• Doesn't this result in two iterations over the collection? Naturally, the second one is shorter, considering only valid items are within it, but you still need to do it twice, once to filter out the elements, the second time to work with the valid items. – Andy Dec 8 '15 at 20:14
  • 1
    @DavidPacker No. The IEnumerable is being driven by the foreach loop only. – Benjamin Hodgson Dec 9 '15 at 9:19
  • 2
    @DavidPacker: That's exactly what it does; most LINQ to Objects methods are implemented using iterator blocks. The example code above will iterate through the collection exactly once, executing the Where lambda and the loop body (if the lambda returns true) once per element. – Christian Hayter Dec 9 '15 at 12:40
7

Of course there is a difference in performance, .Where() results in a delegate call being made for every single item. However, I would not worry at all about performance:

  • The clock cycles used in invoking a delegate are negligible compared to the clock cycles used by the rest of the code that iterates over the collection and checks the conditions.

  • The performance penalty of invoking a delegate is of the order of a few clock cycles, and luckily, we are long past the days when we had to worry about individual clock cycles.

If for some reason performance is really important for you at the clock cycle level, then use List<Item> instead of IList<Item>, so that the compiler can make use of direct (and inlinable) calls instead of virtual calls, and so that the iterator of List<T>, which is actually a struct, does not have to be boxed. But that's really trifling stuff.

A database query is a different situation, because there is (at least in theory) a possibility of sending the filter to the RDBMS, thus greatly improving performance: only matching rows will make the trip from the RDBMS to your program. But for that I think you would have to use linq, I do not think this expression could be sent to the RDBMS as it is.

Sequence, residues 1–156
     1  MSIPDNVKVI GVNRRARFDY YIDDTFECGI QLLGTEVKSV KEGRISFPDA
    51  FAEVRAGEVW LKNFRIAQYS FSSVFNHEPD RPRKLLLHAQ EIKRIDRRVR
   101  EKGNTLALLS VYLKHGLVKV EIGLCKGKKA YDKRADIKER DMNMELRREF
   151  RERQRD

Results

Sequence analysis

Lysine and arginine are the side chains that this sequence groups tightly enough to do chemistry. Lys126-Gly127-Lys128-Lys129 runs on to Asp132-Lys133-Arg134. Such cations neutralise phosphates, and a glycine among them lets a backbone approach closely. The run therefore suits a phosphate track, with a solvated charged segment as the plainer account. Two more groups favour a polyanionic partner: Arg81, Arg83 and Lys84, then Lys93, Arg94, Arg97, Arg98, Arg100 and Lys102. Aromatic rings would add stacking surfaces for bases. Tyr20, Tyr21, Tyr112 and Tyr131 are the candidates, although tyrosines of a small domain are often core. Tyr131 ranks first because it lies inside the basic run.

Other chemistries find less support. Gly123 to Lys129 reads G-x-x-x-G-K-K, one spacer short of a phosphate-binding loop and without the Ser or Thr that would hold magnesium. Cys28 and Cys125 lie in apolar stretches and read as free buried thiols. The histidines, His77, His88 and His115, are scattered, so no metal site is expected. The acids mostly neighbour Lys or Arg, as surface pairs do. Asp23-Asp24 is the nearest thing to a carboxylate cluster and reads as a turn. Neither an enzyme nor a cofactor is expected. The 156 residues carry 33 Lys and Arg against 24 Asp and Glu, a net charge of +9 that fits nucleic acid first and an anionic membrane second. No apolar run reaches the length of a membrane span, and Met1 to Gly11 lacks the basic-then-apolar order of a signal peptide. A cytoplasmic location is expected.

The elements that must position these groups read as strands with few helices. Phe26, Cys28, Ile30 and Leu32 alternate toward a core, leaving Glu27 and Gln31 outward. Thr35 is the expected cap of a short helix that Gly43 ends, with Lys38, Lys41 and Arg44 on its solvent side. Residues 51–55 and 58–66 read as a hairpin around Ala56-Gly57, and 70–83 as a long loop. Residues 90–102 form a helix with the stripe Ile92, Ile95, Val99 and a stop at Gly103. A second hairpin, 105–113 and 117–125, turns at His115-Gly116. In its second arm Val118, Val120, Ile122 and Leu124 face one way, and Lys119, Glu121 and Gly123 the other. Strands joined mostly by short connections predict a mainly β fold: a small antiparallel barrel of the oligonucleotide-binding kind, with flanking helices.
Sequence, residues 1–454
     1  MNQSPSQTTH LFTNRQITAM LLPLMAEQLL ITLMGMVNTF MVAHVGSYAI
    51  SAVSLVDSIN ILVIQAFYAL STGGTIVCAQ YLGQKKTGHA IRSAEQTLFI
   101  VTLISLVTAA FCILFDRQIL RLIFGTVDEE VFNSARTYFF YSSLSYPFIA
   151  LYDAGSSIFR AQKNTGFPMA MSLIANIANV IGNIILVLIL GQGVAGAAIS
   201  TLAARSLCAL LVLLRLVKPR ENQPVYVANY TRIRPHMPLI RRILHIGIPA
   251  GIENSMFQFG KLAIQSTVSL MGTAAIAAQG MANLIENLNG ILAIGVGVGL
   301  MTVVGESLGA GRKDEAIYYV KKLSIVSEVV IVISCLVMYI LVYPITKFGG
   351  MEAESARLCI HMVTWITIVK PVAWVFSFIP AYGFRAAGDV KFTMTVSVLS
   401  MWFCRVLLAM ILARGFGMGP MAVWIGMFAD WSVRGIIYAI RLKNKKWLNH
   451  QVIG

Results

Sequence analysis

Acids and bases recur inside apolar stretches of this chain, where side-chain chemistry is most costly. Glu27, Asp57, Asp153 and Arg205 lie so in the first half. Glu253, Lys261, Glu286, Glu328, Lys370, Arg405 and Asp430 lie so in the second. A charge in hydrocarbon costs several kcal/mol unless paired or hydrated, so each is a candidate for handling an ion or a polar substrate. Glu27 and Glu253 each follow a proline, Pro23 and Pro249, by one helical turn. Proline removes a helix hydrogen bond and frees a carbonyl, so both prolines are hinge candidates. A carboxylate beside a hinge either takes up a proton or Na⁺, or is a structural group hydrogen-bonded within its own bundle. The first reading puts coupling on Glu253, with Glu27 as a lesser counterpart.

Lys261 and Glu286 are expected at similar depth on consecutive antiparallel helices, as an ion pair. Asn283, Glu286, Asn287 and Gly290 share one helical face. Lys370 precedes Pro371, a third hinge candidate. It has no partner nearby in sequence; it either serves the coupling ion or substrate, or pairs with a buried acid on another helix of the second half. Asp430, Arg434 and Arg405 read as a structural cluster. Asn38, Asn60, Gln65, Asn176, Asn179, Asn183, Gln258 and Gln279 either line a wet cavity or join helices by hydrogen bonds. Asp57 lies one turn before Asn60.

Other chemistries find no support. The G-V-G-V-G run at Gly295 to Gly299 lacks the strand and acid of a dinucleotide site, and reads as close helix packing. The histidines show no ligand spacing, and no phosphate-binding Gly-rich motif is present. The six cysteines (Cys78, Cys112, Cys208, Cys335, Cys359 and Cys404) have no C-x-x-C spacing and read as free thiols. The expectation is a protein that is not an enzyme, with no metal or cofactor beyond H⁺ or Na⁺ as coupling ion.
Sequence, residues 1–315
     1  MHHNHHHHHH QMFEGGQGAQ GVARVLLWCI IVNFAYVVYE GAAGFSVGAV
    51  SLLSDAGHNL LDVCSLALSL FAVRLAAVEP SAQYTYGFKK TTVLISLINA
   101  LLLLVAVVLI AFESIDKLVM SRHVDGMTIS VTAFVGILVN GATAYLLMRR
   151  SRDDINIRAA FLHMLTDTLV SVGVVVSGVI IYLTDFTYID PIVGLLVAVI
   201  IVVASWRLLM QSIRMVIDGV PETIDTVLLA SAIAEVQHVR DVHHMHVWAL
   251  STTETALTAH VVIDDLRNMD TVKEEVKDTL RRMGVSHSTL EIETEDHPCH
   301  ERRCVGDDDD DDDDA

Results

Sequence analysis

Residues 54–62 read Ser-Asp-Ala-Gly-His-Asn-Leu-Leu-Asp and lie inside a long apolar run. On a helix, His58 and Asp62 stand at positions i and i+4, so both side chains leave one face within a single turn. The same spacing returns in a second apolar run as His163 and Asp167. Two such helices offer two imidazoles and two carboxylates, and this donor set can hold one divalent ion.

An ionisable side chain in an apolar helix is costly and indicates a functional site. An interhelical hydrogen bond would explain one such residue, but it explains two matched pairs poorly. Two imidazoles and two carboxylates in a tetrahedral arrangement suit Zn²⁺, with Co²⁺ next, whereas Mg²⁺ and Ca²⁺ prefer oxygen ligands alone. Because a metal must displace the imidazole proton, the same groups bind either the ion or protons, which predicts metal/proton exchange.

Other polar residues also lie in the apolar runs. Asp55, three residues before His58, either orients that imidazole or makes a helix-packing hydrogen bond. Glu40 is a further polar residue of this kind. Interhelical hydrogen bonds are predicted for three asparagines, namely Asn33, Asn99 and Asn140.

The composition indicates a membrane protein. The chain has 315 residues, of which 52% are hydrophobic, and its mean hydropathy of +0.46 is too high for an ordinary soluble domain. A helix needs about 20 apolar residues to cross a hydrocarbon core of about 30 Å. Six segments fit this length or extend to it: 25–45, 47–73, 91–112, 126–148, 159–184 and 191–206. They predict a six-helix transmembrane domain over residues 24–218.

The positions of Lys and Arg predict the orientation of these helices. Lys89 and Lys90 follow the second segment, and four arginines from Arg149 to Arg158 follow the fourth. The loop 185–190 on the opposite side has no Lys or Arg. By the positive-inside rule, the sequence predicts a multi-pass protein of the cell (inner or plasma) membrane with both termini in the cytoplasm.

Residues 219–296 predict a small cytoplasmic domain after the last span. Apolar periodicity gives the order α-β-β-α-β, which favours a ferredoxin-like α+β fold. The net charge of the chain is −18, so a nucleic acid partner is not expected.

You will really see the benefits of if(x) continue; the moment you have to debug this code: Single-stepping over if()s and continues works nicely; single-stepping into the filtering delegate is a pain.

  • That is when something is wrong and you want to look at all the items and check in the debugger which ones have Field != null, and which ones have State != null; this might be difficult to impossible with foreach ... where. – gnasher729 Dec 7 '15 at 13:27
  • Good point with debugging. Stepping into a where is not that bad in Visual Studio, but you can't rewrite lambda expressions while debugging without recompiling and this you avoid when using if(x) continue;. – Paprik Dec 7 '15 at 13:39
  • Strictly speaking, .Where only gets invoked once. What gets invoked on each iteration is the filter delegate (and MoveNext and Current on the enumerator, when they don't get optimized out) – CodesInChaos Dec 7 '15 at 21:35
  • @CodesInChaos it took me a bit of thinking to understand what you are talking about, but of course, wh00ps, you are right, strictly speaking, .Where only gets invoked once. Fixed it. – Mike Nakis Dec 7 '15 at 21:43